Discussion about guns and unionization looms large in games criticism this week. This roundup features the most important writing on these topics and more – but first, I want to bring your attention to something special that we published this week.
- Dark Souls Critical Compilation – Critical Distance
I was feeling a bit concerned for a while that we didn’t have one of these yet – a near-comprehensive collection of critical writing on this game that people still can’t stop talking about, years after its release. Reading Nic Rueben’s excellent survey of the material, I get the sense that this has come at just the right time – the discourse has matured over the years, and today writing about Dark Souls goes far beyond describing a videogame; it’s contributing to a shared narrative about a quasi-spiritual personal trial.
I can’t begin to say how excited I am to have this published. Please take a look, share it far and wide, and consider supporting us on Patreon so that we can commission more things like it – our current funding level is below the threshold that allows us to create this kind of content.
And with that, we now continue with our regularly-scheduled programming.
Two pieces represent two very different approaches to writing about violent emotions in games.
- Overwatch and DBT: Why it’s Time to Teach Boys Coping Skills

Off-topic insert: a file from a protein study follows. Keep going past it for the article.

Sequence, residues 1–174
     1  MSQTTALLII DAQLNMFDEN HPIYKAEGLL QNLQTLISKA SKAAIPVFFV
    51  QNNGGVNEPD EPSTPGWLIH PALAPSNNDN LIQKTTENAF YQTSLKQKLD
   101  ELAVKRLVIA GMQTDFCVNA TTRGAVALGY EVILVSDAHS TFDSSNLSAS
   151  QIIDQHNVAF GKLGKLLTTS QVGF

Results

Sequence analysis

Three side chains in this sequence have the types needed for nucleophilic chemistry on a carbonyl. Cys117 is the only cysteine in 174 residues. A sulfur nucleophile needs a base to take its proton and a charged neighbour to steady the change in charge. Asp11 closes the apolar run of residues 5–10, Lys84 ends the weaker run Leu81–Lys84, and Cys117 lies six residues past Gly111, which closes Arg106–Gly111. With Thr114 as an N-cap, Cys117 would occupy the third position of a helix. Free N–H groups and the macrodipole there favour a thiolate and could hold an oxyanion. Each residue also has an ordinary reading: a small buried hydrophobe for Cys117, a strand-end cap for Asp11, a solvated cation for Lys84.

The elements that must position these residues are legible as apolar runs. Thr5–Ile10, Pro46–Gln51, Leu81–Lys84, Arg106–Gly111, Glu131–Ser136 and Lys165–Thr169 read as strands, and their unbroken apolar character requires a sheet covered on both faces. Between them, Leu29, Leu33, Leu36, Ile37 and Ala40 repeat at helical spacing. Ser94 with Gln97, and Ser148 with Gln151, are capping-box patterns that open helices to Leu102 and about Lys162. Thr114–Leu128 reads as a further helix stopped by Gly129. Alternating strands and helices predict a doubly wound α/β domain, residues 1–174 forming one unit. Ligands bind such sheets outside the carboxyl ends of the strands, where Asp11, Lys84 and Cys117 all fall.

Wally Brennan shares some strategies for using the trials of a tense game to learn how to manage emotions.
- Sure, It’s Made Of The Corpses Of Your Victims. But Is It Art? | Kotaku
Stacie Ponder appraises the “artists” who leave dead bodies strewn around in gory videogames.
Fear of art
Continuing the theme of violence, four writers look at the meaning of power in videogame stories.
- Bloodborne and the Beast Within | Kotaku UK
Sean McGeady discusses Freud and gothic literature in an examination of Bloodborne lore.
- Games Need More Power Fantasies Beyond Beefy Dudes with Big Guns – Waypoint
Again referring to Freud, Cameron Kunzelman examines the positioning of power fantasies in a system of privilege and inequality, with reference to Mafia 3.
- Battle Royale Games Lack What Made Battle Royale Important :: Games :: Features :: Battle Royale :: Paste
Dante Douglas argues that the Battle Royale genre of videogame misses the political edge of the genre of novel and movie which inspired it.
- What Does the Soul Look Like | vextro
In a fascinating long read, leeroy lewin explores the limited existentialism of games that play with metatext (e.g. by commenting on the fact that the player can return to life). Spoilers for Undertale, Pony Island, and Doki Doki Literature Club.
“Metatext in videogames is super fixated on critiques of some sort of choice made—basically critiques of freedom—because it’s the nearest most horrible thing collectively felt. The fear of art is a fear of potential truth.”
Specifically focusing on gun violence, two critics bring out personal reflections on their relationships with weapons.
- Real Guns, Virtual Guns, And Me | Kotaku